The Call of Duty franchise is returning to the Second World War setting after a long, long break. 2008’s World at War was the last time the series had a World War II setting, so obviously, the excitement surrounding Call of Duty: WWII is pretty high, especially after negative reception for the futuristic sci-fi setting of Infinite Warfare. Developers Sledgehammer Games are hoping that World War 2 will do for video games what Saving Private Ryan did for films, and have stated that the modern power and technology of the PS4 and the Xbox One is helping them work towards that goal.
The developers have confirmed that the game will make use of a new lighting system, a new audio system, a new facial system, and a new deconstruction system, and that the Sledgehammer are attempting to squeeze out every last bit of horsepower on the PS4 and the Xbox One.
“It’s a new generation of console games,” Michael Condrey said in an interview with Gamesmaster in their upcoming September issue. “A horsepower we hadn’t had access to when we were last in WWII. So we can do things to immerse players. It’s pretty exciting for players who haven’t played Call of Duty WWII games as their first experience. We absolutely hope this is that iconic reference point in their minds. In some ways, if it becomes to gamers what Saving Private Ryan was for me that would be an amazing accomplishment. That’s what we’re striving for.”
“It’s a new lighting system, new audio system, new facial system, new destruction system,” Condrey continued. “It’s been a really great push for us. Now we really squeeze every ounce of horsepower out of these platforms, so we’re really proud of how it looks.”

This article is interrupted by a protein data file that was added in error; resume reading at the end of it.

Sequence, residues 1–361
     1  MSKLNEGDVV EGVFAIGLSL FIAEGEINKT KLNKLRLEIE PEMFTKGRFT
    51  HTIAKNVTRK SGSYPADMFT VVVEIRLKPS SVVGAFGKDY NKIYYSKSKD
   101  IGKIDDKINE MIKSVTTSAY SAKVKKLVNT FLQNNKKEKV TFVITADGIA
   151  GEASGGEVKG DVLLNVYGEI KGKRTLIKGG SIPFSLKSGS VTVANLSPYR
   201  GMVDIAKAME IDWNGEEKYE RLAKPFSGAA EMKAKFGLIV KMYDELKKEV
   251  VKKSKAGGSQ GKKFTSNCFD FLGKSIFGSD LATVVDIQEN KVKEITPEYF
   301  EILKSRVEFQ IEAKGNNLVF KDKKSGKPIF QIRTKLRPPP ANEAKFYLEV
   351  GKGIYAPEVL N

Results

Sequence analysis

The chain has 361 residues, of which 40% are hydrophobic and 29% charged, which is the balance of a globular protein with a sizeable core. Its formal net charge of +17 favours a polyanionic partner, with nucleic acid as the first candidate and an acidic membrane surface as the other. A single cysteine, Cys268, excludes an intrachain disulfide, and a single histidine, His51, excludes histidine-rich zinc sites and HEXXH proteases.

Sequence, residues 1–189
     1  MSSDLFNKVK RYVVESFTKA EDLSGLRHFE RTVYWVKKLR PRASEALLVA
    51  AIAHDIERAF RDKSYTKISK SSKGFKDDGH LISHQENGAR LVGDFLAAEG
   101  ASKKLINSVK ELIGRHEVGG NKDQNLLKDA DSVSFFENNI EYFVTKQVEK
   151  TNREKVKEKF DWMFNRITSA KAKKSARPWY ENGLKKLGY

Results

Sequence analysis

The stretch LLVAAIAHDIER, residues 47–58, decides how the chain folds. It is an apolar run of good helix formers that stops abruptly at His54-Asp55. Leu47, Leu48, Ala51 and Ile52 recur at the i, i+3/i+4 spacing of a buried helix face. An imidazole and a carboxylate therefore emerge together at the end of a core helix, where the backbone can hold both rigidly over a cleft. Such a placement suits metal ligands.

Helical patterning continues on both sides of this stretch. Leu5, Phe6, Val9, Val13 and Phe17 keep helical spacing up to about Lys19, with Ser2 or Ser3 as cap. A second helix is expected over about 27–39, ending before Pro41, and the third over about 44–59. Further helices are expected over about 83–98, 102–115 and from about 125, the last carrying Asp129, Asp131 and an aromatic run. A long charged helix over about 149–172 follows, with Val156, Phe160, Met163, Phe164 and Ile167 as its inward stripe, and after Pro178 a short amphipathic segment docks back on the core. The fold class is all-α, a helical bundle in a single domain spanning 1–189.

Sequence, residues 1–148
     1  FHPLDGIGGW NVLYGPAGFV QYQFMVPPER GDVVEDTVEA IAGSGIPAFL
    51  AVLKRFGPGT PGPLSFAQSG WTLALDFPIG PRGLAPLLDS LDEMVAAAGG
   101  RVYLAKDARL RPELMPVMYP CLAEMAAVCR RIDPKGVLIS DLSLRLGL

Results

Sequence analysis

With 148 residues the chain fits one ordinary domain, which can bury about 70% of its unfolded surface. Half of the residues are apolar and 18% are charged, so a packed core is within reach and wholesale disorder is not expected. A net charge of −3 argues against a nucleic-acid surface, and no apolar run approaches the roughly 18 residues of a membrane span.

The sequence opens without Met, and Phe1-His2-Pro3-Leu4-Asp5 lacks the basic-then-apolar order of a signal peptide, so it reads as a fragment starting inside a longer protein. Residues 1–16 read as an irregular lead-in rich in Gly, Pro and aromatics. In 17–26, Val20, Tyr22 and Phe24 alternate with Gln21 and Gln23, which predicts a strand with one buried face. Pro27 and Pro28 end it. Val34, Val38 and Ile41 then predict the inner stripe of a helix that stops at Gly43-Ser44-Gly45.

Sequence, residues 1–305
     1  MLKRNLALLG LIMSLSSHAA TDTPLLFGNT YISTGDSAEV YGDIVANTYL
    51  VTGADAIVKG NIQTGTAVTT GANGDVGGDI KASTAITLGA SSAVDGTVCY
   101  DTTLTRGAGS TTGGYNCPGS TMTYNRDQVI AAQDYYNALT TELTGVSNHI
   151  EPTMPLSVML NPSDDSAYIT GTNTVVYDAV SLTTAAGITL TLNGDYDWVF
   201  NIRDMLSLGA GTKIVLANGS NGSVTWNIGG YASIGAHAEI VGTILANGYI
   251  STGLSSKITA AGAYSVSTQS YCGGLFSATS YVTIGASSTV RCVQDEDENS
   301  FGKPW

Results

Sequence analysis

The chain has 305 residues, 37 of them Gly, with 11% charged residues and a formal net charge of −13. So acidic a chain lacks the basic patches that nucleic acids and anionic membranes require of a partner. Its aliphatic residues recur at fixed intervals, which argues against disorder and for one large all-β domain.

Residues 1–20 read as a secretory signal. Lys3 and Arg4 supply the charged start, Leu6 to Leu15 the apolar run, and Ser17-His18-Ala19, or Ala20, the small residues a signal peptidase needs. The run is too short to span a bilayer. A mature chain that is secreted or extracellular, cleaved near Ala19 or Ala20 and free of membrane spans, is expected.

“As far as videogames go, I don’t know if anything could capture the epic scope and nature of these battles as well as PlayStation 4 and Xbox One right now,” Sledgehammer’s Glen Schofield added. “We couldn’t have done it about five years ago, the way we wanted to do it now, and it’s pretty damn amazing… The truth of the matter is that some of those bombs they were dropping were gigantic. So in just seeing the way we did it, it feels more modern.”
“Since Saving Private Ryan and since Call of Duty: World at War, a lot of stuff has been declassified and we can go through a bunch of that information,” Schofield continued. “Just the power alone allows us to get a lot more in. We have a lot of proprietary tools that we use. We use photogrammetry to help get realism in a lot of objects…all the latest techniques we can get.”
Call of Duty: WWII releases on November 3 for the Xbox One, PS4 and PC. Stay tuned to GamingBolt for continued coverage on the game.